So far we have been considering the case of women who are not economically protected by marriage. The arguments for extending the franchise to wives appear to me less strong, and the objections more serious. I admit a certain general presumption that any legislation in which the two sexes are treated differently will, so far as controlled by an electorate in which men largely preponderate, tend to postpone the interests of women unduly; and will be especially liable to be unfair to wives as such, if they are excluded from the franchise. On the other hand, if a husband is not abnormally wanting in domestic affection and the sense of domestic duty, the interests of his wife, at any rate in her relations to persons outside the family, are tolerably safe in his hands: while, if he is so wanting, he is likely to have little scruple in exercising on her a kind of intimidation which law is powerless to prevent. And even apart from intimidation, a wife's vote is likely to be biassed by the desire of domestic harmony, prompting her to avoid open political disagreement with her husband. Moreover, according to the necessary or customary division of labour between husbands and wives, the experience of the latter will, generally speaking, be of less value as a preparation for the wise exercise of the franchise: while at the same time this division of labour leads to a reduction in the number of men exercising the franchise---through the formal or practical exclusion of soldiers, sailors, etc.---which must tend to throw an inexpedient preponderance of electoral control into the hands of women, if wives generally are admitted to vote.

Exclusion on the ground of race alone may be expedient if the general intellectual or moral inferiority of the race excluded is sufficiently clear. But a political society in which such exclusion is an important question, will be necessarily different from that which has been generally contemplated in the discussions of the present treatise, and will be likely to require different laws in other matters besides the franchise.

The exclusions that we have been considering bring strongly before us the different meanings which may be attached to the word ``citizen''. In its widest sense it is simply opposed to ``alien'', and would include all members of a State in which slavery is not allowed: but in States in which the government or an important part of it is elected by a widely extended suffrage, it is not uncommon to mean by the ``citizens'' only those who have a right to vote in such elections---leaving out of sight the usually larger part of the community that has not this right. The word ``people'' is also used in the same restricted sense by those who speak of ``government by the people''. It is convenient to use both terms in this signification, and I shall allow myself to do so without further explanation where the context excludes ambiguity; when there is a danger of ambiguity, I shall speak of ``electors'' and ``electorate''.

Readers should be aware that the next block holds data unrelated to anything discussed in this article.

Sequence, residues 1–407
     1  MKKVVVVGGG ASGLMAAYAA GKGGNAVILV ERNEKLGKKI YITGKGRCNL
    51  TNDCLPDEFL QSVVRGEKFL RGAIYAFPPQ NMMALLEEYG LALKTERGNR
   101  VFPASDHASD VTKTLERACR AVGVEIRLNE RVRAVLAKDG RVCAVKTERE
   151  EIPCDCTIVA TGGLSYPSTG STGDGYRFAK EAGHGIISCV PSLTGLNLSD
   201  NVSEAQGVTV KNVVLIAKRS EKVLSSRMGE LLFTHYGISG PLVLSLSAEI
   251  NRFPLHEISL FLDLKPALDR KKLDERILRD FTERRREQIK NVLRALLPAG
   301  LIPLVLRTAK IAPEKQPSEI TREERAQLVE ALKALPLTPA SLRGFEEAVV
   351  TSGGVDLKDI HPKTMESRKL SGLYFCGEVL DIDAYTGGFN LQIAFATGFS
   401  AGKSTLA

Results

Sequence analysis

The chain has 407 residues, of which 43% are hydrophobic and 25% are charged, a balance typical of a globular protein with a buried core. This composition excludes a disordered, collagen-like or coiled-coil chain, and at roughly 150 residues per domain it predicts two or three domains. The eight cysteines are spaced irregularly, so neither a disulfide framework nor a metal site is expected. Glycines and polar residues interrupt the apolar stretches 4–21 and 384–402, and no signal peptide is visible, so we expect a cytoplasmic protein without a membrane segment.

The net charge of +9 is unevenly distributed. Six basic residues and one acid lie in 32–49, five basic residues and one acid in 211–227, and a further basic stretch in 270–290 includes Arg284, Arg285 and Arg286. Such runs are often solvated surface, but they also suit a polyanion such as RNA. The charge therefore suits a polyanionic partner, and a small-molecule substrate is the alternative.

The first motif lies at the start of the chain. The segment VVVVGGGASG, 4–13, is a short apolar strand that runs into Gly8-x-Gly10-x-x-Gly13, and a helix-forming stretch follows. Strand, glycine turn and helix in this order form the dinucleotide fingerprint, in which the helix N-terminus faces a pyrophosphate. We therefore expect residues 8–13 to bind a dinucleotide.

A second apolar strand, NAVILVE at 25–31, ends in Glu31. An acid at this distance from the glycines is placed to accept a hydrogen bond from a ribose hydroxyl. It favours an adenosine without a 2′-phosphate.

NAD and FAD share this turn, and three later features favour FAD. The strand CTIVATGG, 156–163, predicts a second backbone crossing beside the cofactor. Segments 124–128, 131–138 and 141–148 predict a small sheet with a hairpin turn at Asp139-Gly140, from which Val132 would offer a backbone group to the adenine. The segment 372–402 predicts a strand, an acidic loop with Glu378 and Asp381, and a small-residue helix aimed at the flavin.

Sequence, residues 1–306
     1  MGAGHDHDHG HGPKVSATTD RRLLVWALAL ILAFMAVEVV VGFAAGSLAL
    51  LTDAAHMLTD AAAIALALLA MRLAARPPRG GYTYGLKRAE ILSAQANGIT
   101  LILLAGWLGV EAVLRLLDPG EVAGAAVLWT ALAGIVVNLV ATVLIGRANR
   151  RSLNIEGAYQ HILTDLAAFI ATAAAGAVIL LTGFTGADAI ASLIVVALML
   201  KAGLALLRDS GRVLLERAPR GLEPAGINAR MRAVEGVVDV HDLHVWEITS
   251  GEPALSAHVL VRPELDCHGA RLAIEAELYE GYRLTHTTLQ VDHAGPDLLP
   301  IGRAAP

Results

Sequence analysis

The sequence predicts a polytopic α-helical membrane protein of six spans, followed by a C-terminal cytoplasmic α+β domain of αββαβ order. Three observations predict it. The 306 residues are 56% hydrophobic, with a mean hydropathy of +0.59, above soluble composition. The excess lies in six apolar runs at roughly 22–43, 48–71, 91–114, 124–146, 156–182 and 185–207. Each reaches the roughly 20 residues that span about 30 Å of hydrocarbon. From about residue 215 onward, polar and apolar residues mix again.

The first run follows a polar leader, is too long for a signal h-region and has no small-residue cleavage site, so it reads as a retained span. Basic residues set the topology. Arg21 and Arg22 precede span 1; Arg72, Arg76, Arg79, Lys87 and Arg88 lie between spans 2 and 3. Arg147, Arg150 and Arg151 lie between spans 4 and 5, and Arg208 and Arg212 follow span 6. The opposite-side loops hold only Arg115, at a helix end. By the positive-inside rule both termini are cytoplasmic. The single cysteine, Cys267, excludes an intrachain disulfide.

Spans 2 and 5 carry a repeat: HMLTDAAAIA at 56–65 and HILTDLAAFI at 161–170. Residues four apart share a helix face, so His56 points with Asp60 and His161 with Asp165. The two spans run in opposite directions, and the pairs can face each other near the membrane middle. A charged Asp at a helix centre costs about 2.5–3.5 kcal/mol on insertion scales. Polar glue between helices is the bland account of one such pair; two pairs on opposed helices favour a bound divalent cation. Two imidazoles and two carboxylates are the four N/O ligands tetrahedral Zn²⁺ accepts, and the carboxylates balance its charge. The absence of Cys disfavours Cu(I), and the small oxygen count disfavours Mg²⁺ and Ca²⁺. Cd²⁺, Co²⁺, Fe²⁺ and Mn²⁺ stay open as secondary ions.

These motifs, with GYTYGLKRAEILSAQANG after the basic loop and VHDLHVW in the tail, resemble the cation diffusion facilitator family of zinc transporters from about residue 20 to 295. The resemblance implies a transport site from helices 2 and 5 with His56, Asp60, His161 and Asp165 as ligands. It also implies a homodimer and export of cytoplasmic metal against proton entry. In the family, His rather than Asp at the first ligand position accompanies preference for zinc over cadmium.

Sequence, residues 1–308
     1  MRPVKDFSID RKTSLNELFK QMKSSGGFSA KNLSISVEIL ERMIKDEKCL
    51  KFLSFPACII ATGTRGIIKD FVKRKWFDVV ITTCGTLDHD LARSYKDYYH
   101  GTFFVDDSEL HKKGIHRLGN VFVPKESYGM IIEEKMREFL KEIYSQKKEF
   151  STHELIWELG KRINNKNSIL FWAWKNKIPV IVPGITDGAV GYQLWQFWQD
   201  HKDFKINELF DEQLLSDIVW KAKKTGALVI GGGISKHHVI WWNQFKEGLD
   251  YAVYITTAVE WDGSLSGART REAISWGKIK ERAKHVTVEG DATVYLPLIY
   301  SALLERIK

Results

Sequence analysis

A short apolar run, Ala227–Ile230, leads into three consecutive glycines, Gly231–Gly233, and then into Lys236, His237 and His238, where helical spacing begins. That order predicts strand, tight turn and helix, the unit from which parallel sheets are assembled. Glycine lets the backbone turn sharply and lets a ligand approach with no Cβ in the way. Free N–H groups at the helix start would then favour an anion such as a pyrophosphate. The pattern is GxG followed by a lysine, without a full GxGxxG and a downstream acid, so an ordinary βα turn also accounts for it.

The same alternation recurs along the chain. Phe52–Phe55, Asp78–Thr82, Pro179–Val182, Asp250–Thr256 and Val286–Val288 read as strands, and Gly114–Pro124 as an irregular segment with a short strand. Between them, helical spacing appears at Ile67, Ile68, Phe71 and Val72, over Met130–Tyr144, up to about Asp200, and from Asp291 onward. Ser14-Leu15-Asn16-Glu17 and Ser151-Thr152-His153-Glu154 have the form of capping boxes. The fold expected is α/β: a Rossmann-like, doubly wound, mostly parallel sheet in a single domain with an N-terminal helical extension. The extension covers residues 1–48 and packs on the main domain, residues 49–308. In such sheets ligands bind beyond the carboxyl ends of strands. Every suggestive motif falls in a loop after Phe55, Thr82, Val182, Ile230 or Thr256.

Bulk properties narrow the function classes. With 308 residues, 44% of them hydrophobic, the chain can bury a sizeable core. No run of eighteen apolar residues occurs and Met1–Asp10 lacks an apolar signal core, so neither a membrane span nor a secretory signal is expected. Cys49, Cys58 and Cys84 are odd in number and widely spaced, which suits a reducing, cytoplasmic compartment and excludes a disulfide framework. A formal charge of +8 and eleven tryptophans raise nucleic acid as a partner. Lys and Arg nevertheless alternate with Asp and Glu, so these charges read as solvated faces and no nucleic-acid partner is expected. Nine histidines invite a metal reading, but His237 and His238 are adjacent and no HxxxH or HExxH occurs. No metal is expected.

So far we have considered compulsory exclusions from the exercise of electoral rights: it remains to ask whether voluntary abstention should be allowed, or whether every elector should be constrained to vote under penalties. Such constraint has often been proposed; but I think it unadvisable, for the following reasons:---(1) If the elector is really intimidated, and abstains from fear of giving offence, compulsory voting may simply aggravate the evil: what is needed is, if possible, to remove his alarms. (2) Ordinarily, in collective decisions, neutrality of individuals is allowed: it seems unreasonable to prevent it in electoral contests; and useless to drive a man to the poll to give a blank vote. (3) So far as abstinence is due to lack of public spirit, it is no doubt an evil, but an evil to be combated by moral censure and suasion rather than by legal penalties. For coercion will not generate public spirit, or secure that the coerced vote is given from right motives and after due consideration; and, just as the development of genuine public spirit in a community or class is the best protection against a misuse of the franchise, so by forcing persons devoid of it to vote we increase the danger of such misuse. (4) One of the reasons for extending the franchise is to prevent grave discontent with legislation or government: but the risk from the discontent of voluntary non-voters is hardly likely to be serious, as they will surely try what can be done by voting before they proceed to sedition; they are more likely to be discontented if they are compelled to vote, as all coercion annoys.